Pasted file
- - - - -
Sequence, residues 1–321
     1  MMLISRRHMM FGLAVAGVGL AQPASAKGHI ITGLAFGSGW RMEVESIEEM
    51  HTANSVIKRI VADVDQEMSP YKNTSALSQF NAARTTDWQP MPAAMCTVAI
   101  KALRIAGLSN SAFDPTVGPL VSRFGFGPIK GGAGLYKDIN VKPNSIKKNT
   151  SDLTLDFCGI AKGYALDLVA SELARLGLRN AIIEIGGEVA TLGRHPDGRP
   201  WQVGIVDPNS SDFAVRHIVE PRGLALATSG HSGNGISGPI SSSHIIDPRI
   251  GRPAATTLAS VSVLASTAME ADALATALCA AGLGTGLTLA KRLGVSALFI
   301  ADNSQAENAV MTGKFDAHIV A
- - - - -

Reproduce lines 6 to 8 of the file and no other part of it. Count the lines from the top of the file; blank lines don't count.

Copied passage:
   201  WQVGIVDPNS SDFAVRHIVE PRGLALATSG HSGNGISGPI SSSHIIDPRI
   251  GRPAATTLAS VSVLASTAME ADALATALCA AGLGTGLTLA KRLGVSALFI
   301  ADNSQAENAV MTGKFDAHIV A